VAT energy bills: Rishi Sunak pledges to scrap VAT on energy bills - U-turn, criticism and tax explained

Critics have accused the former chancellor of “flip-flopping” on tax

Rishi Sunak has pledged to scrap VAT on all domestic energy bills for the next year if he becomes Prime Minister in a surprising U-turn.

The move, which forms part of the Tory leadership candidate’s “winter plan” to tackle inflation and the cost of living crisis, would save the average household £160.

But critics have accused Mr Sunak of “flip-flopping”, pointing to his frequent condemnation of his opponent Liz Truss’ promises of unfunded tax cuts - which he previously described as “comforting fairy tales”.

Meanwhile, the former chancellor’s campaign team have said his promise in fact “stands in contrast to the inflationary £55 billion of fiscal commitments Ms Truss has made.”

So, what has Mr Sunak promised, what has the response been, and how much VAT is on energy bills as it stands?

Here’s what you need to know.

Rishi Sunak has pledged to scrap VAT on energy bills

What has Rishi Sunak pledged on energy bills?

Mr Sunak has unveiled plans to remove VAT from domestic energy bills for a year if the price cap – which currently stands at just under £2,000 a year for the average home – exceeds £3,000, as is forecast by experts.

The Richmond MP said: “Tackling inflation and getting people the support they need to help with the cost of living is critical.

“That’s why, with the price cap expected to rise above £3,000 in October, I will move immediately to scrap VAT on everyone’s domestic energy bills for the next year, saving the average household £160.

“This temporary and targeted tax cut will get people the support they need whilst also – critically – bearing down on price pressures.”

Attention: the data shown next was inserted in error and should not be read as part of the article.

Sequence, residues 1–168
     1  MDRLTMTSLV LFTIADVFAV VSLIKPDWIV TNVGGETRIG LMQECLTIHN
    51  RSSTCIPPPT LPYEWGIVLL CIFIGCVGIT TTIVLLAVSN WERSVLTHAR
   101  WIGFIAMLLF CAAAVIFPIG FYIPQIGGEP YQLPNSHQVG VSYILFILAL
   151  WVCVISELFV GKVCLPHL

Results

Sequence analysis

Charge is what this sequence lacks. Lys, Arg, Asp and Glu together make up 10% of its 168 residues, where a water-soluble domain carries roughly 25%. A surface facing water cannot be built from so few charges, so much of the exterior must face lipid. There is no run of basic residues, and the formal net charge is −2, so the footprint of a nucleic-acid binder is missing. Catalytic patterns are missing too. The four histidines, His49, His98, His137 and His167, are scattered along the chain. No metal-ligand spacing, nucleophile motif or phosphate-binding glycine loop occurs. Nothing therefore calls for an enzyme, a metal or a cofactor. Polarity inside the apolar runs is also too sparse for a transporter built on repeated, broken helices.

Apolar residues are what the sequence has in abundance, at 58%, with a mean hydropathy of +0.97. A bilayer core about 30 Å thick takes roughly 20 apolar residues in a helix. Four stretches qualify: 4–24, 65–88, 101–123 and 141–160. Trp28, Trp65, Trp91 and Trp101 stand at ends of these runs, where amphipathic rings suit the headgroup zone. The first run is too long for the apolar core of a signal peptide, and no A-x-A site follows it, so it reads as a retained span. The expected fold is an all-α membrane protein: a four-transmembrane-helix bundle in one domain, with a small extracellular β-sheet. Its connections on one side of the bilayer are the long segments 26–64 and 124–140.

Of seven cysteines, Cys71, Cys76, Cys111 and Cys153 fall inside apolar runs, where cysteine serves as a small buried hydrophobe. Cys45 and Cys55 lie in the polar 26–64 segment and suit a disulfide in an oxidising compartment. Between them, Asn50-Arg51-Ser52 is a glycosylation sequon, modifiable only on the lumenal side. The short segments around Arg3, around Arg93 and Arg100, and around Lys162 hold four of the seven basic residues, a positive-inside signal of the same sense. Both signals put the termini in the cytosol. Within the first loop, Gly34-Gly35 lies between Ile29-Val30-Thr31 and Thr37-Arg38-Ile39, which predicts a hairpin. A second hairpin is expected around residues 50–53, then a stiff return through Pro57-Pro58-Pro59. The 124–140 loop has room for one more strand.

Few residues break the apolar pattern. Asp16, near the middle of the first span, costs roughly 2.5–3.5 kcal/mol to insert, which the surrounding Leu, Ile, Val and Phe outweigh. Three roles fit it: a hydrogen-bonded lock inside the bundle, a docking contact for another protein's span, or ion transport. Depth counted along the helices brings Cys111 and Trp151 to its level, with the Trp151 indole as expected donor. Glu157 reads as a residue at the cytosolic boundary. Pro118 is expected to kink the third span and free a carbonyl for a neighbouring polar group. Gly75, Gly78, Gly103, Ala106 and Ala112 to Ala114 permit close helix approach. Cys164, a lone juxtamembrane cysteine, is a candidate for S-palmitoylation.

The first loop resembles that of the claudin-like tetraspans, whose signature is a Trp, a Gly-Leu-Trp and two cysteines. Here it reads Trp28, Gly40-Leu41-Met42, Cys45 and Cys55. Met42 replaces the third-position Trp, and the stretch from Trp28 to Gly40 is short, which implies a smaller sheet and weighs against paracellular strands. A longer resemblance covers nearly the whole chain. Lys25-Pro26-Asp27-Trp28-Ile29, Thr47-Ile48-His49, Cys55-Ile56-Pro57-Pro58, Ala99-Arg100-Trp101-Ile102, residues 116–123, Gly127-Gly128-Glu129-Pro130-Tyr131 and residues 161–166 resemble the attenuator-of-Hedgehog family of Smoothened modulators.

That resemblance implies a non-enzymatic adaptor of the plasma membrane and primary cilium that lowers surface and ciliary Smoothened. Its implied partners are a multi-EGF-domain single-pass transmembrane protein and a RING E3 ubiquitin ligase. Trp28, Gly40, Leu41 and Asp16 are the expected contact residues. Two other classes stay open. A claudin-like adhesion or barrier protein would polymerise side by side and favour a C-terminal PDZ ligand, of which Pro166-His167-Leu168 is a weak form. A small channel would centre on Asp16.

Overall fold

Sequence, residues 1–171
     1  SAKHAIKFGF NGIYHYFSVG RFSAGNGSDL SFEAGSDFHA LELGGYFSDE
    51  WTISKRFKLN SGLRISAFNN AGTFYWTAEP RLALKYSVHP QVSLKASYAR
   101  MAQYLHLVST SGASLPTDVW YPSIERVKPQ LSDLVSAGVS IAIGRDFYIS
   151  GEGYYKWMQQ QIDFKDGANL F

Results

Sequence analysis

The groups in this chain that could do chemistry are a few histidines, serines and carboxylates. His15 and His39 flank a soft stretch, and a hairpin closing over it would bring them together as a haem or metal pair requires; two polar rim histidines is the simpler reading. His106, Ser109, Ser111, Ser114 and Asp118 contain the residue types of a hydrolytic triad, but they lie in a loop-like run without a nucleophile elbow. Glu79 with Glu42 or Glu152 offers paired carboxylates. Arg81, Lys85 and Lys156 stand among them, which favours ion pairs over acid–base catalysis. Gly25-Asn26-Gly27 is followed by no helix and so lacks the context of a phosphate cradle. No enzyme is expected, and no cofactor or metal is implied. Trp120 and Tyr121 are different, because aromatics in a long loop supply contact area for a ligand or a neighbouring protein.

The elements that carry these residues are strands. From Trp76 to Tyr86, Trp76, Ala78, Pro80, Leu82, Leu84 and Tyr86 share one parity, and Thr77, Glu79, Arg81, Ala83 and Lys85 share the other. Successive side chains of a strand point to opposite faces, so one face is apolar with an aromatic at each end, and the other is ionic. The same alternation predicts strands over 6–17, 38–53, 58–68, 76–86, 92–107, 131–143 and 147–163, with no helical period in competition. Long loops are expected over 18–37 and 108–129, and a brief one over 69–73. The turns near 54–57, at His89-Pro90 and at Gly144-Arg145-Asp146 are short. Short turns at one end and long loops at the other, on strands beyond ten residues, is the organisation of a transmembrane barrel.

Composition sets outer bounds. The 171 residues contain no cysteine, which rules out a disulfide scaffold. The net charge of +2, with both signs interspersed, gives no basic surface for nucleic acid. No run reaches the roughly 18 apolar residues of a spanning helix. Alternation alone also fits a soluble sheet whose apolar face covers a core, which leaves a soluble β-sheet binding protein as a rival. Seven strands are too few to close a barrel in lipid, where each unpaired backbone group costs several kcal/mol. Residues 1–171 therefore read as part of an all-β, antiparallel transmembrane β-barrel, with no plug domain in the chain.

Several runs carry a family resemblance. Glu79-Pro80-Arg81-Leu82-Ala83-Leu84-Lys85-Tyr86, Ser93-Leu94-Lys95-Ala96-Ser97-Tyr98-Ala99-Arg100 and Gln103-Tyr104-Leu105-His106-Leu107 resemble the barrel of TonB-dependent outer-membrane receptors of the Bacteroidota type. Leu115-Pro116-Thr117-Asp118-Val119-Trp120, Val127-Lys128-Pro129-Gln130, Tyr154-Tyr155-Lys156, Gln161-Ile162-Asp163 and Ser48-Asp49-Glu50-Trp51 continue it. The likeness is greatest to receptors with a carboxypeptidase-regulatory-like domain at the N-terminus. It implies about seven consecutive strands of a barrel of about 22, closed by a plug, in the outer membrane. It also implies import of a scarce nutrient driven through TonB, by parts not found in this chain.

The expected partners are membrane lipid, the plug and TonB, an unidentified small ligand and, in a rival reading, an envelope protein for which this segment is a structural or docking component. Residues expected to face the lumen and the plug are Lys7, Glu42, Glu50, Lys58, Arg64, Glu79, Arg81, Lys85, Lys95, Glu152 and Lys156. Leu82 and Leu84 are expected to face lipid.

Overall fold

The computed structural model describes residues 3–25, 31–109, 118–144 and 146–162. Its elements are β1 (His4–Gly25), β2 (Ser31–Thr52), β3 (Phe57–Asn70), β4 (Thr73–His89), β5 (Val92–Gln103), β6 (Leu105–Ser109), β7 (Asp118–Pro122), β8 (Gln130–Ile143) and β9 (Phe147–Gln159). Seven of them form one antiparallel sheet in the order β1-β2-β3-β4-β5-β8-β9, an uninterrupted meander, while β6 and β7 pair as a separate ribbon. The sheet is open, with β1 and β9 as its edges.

Mr Sunak condemned Ms Truss’ promises of tax cuts as “comforting fairy tales”

Mr Sunak also pointed to a similar decision he made when he served as Chancellor of the Exchequer under Boris Johnson.

He added: “As chancellor I knocked £400 off everyone’s energy bill and provided support of £1,200 for the most vulnerable households.

“This additional VAT cut will help deal with the current emergency.”

Mr Sunak previously rejected calls from Labour for a cut to VAT on energy bills, saying “the policy would disproportionately benefit wealthier households” and that “there would be no guarantee that suppliers would pass on the discounts to all customers”.

In addition to scrapping VAT on all domestic energy bills, the Tory leadership hopeful also said he would undertake major supply side reforms aimed at bringing down costs.

What has the criticism been?

Critics have suggested Mr Sunak’s pledge comes only because of Ms Truss’ promises of tax cuts - which some believe to be the reason she is ahead in the polls.

A YouGov poll, taken after the pair repeatedly clashed over tax in the BBC’s leadership debate on Monday (25 July), found that 50% of Tory members thought Ms Truss performed better - compared with 39% for Mr Sunak.

On dealing with the cost of living, 55% thought the Foreign Secretary was better, against 34% for the former chancellor.